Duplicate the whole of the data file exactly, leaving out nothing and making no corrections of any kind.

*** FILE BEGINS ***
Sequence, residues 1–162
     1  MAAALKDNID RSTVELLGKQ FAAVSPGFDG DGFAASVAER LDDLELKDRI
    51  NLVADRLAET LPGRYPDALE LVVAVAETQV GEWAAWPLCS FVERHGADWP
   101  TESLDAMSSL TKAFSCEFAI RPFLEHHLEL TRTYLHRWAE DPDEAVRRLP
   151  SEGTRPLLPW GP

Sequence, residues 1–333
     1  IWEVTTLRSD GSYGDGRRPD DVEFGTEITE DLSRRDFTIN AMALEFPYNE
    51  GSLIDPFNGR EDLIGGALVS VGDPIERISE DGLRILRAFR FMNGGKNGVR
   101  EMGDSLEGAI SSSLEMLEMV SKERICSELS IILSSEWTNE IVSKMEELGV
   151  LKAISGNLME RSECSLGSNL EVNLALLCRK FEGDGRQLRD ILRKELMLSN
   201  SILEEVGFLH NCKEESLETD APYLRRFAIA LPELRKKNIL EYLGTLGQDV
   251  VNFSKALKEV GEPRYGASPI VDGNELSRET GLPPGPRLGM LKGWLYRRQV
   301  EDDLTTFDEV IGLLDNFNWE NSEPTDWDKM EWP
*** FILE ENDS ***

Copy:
Sequence, residues 1–162
     1  MAAALKDNID RSTVELLGKQ FAAVSPGFDG DGFAASVAER LDDLELKDRI
    51  NLVADRLAET LPGRYPDALE LVVAVAETQV GEWAAWPLCS FVERHGADWP
   101  TESLDAMSSL TKAFSCEFAI RPFLEHHLEL TRTYLHRWAE DPDEAVRRLP
   151  SEGTRPLLPW GP

Sequence, residues 1–333
     1  IWEVTTLRSD GSYGDGRRPD DVEFGTEITE DLSRRDFTIN AMALEFPYNE
    51  GSLIDPFNGR EDLIGGALVS VGDPIERISE DGLRILRAFR FMNGGKNGVR
   101  EMGDSLEGAI SSSLEMLEMV SKERICSELS IILSSEWTNE IVSKMEELGV
   151  LKAISGNLME RSECSLGSNL EVNLALLCRK FEGDGRQLRD ILRKELMLSN
   201  SILEEVGFLH NCKEESLETD APYLRRFAIA LPELRKKNIL EYLGTLGQDV
   251  VNFSKALKEV GEPRYGASPI VDGNELSRET GLPPGPRLGM LKGWLYRRQV
   301  EDDLTTFDEV IGLLDNFNWE NSEPTDWDKM EWP